Monday, March 28, 2011

I just ran across this article on the history of the Jack Daniels distillery in Lynchburg. Interesting fact: Moore County, where the whiskey is distilled, is a dry county. They can make it there, but you can't drink it there.
Molly's Plant Food confiscated by law enforcement: apparently, this stuff is considered as a synthetic substitute for ecstasy. But it's not been banned by statute, so if you wonder how the state can simply take this stuff off the shelves, read the AG's press release. In summary, the AG went to court, presumably in Nashville, and got a Chancellor to issue a temporary restraining order to allow the confiscation. Now, this shouldn't be a particularly easy task for the AG. He must prove there is a substantial risk of irreparable harm. His press release says that an emergency services doctor from Cookeville testified before the Legislature on this topic. His testimony must be how they proved imminent danger of irreparable harm.
Aha! Wait; did he really say that? Governor Bill Haslam admits his rights restriction legislation is unnecessary: "Tennessee has not had a problem with excessive awards in civil cases," he told the Tennessean newspaper in Nashville recently. But he's got to justify support for an unnecessary bill some way, doesn't he? This is the best he could come up with: Tennessee "should act to discourage trial lawyers from shifting their cases to the state in response to clampdowns on damages in other states." Well that's not right; Tennessee plaintiffs -- for the most part -- must have been injured in Tennessee before they can file suit in this state. As the retired circuit court judge author of the linked piece suggests, "Could it be that this corporate multimillionaire governor is attempting to remove yet one more layer of restraint on corporate greed and malfeasance in Tennessee?"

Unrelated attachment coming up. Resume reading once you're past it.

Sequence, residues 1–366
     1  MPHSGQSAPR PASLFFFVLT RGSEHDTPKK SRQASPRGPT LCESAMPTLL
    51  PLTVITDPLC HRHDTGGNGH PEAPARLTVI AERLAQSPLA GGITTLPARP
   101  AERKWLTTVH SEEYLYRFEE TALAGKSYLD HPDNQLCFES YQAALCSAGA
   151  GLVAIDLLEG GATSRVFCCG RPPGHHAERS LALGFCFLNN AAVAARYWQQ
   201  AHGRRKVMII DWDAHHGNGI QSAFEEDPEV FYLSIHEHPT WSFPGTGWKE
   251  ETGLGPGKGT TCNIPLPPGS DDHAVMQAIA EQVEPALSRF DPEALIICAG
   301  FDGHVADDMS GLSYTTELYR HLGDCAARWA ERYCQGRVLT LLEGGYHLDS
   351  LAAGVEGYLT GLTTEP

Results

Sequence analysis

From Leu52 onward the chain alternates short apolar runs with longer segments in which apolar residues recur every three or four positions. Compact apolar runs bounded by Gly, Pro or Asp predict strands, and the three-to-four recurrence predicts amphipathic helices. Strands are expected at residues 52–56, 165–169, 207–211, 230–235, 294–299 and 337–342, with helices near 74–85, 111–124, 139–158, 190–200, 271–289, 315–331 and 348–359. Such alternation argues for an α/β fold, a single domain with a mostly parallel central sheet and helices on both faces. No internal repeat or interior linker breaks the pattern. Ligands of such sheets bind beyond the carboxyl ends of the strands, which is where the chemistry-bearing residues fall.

Uh, well yeah.